A WOMAN is demanding an apology from Hinchingbrooke Hospital after her 74-year-old husband, who has history of heart problems, was left unattended on a trolley in a corridor for four hours. Kathleen Robertson says she is disgusted at the treatment of her
A WOMAN is demanding an apology from Hinchingbrooke Hospital after her 74-year-old husband, who has history of heart problems, was left unattended on a trolley in a corridor for four hours.
Kathleen Robertson says she is disgusted at the treatment of her husband Eric when he was taken to A&E in Huntingdon last week after collapsing.
Mrs Robertson, 69, said it took more than four hours for a doctor to see her husband, who had been left unattended.
"It is absolutely outrageous," Mrs Robertson said. "It seems that elderly people are a dispensable commodity to hospitals these days but Eric is not dispensable. He is my husband."
It took so long for a doctor to see Mr Robertson that his daughter Helen was able to return to Huntingdon from a holiday in Yorkshire by the time he was checked.
Mr Robertson said he was eventually so disgusted by the lack of action that he left without treatment to seek advice from his GP.
Mr Robertson, a retired carpenter, collapsed unconscious during a weekly exercise session at St Neots Leisure just after 3pm on Thursday afternoon.
He has attended the cardiac rehabilitation sessions since 1999 when he suffered three heart attacks which left him fighting for his life in intensive care.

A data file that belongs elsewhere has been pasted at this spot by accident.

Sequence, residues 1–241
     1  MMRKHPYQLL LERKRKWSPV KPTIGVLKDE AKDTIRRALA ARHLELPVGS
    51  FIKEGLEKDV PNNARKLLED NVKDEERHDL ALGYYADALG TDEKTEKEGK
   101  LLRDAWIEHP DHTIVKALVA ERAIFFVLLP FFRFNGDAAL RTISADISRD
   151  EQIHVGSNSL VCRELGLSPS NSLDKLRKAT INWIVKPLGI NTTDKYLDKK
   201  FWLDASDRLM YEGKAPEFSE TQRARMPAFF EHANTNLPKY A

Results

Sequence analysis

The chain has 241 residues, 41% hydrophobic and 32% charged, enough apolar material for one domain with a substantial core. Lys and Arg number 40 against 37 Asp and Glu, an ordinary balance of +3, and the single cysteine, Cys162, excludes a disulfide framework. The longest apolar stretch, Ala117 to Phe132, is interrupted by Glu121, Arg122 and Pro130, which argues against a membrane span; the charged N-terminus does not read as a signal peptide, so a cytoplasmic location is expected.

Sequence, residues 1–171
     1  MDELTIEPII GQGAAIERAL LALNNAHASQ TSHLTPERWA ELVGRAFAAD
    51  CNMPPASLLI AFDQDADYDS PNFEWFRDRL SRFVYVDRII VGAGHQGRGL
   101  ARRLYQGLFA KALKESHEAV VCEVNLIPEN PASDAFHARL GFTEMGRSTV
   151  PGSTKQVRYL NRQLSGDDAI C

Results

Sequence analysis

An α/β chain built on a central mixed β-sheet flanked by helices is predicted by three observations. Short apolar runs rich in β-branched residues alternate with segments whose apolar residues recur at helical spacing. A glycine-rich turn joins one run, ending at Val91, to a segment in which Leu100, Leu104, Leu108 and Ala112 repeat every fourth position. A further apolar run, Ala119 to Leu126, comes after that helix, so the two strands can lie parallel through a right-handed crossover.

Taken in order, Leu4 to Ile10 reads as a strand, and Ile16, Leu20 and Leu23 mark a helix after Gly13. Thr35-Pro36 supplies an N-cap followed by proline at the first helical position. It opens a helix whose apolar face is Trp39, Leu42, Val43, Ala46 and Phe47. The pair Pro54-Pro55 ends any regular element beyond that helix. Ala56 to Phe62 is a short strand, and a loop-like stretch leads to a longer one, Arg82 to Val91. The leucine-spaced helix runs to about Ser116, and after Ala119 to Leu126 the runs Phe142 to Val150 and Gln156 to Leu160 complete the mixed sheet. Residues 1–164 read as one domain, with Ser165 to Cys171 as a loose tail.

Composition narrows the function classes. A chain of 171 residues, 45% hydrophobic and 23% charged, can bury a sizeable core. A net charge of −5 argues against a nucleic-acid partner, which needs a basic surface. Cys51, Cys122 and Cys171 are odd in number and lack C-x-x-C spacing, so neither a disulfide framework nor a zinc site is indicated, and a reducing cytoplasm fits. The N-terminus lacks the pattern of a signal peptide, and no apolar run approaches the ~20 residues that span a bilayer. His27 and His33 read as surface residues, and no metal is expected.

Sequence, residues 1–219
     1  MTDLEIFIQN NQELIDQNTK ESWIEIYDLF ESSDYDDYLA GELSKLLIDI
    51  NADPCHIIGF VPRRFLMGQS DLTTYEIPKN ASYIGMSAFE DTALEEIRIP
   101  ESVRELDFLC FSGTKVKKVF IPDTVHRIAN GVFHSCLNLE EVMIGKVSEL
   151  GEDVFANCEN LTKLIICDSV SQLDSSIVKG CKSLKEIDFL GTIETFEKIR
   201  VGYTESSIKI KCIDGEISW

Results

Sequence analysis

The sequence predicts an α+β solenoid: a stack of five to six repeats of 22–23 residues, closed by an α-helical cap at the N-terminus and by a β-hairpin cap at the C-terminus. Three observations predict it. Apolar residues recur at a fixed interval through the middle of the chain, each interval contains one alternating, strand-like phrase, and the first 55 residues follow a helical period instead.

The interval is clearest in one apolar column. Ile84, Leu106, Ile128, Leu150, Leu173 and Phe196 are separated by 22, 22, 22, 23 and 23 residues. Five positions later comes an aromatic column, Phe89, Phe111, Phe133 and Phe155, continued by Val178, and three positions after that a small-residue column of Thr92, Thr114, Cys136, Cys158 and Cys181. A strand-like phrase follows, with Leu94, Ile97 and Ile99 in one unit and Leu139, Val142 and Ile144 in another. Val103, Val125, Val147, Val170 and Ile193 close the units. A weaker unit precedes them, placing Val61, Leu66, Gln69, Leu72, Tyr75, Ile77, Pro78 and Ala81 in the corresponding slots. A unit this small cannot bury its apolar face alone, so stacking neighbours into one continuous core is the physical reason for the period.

Mrs Robertson said: "I took a phone call from the course instructors saying that Eric had collapsed. I rushed to the centre and found the paramedics attending to him.
"They performed an electrocardiogram test which showed a blip in his heart beat and the ambulance took him to Hinchingbrooke."
Mrs Robertson said she did not travel with her husband in the ambulance as she had no way of getting home and was told to ring A&E to check his status.
"I waited two hours and rang up but they told me he was on a trolley and had not been seen by anyone. I rang back in an hour and was again told he was on the trolley and again an hour later," Mrs Robertson, a retired legal secretary said.
When the doctor finally saw her husband, he was told he would have to be kept in overnight because he had been waiting more than four hours, Mrs Robertson said.
Disgusted, Mr Robertson discharged himself from hospital and was driven home for the evening by his daughter.
By contrast, Mr Robertson was seen by a doctor within 45 minutes of phoning Eaton Socon Health Centre on Friday morning and was diagnosed with low blood pressure.
Mrs Robertson added: "My husband could have died on that trolley. If someone had come and said something to him it wouldn't have been so bad but the only contact he had with anyone was someone who asked 'are you still here?' He didn't even get a drink of water.
"If it can happen to my husband it can happen to somebody else who might not be so fortunate."
Mr and Mrs Robertson were both born in Great Barford and have lived together in St Neots for more than 40 years.
A spokesman for Hinchingbrooke Health Care NHS Trust said: "The target within Hinchingbrooke's A&E department is to see, assess and plan a patient's treatment within four hours of arrival at the department, but this is dependent on the needs of other patients being seen at the department at the same time.
"We do not comment on individual cases, all complaints received will be investigated thoroughly through our standard complaints procedure.